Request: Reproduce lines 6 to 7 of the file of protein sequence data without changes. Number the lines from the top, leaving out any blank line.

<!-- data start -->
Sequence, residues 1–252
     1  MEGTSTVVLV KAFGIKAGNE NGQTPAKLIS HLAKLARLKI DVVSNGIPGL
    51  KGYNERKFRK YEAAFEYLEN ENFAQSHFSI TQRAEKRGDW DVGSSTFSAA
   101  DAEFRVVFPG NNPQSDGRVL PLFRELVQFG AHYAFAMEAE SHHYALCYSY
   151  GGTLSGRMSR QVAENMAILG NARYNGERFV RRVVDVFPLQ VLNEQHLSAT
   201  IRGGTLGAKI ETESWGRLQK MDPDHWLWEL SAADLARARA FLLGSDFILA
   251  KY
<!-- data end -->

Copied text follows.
   201  IRGGTLGAKI ETESWGRLQK MDPDHWLWEL SAADLARARA FLLGSDFILA
   251  KY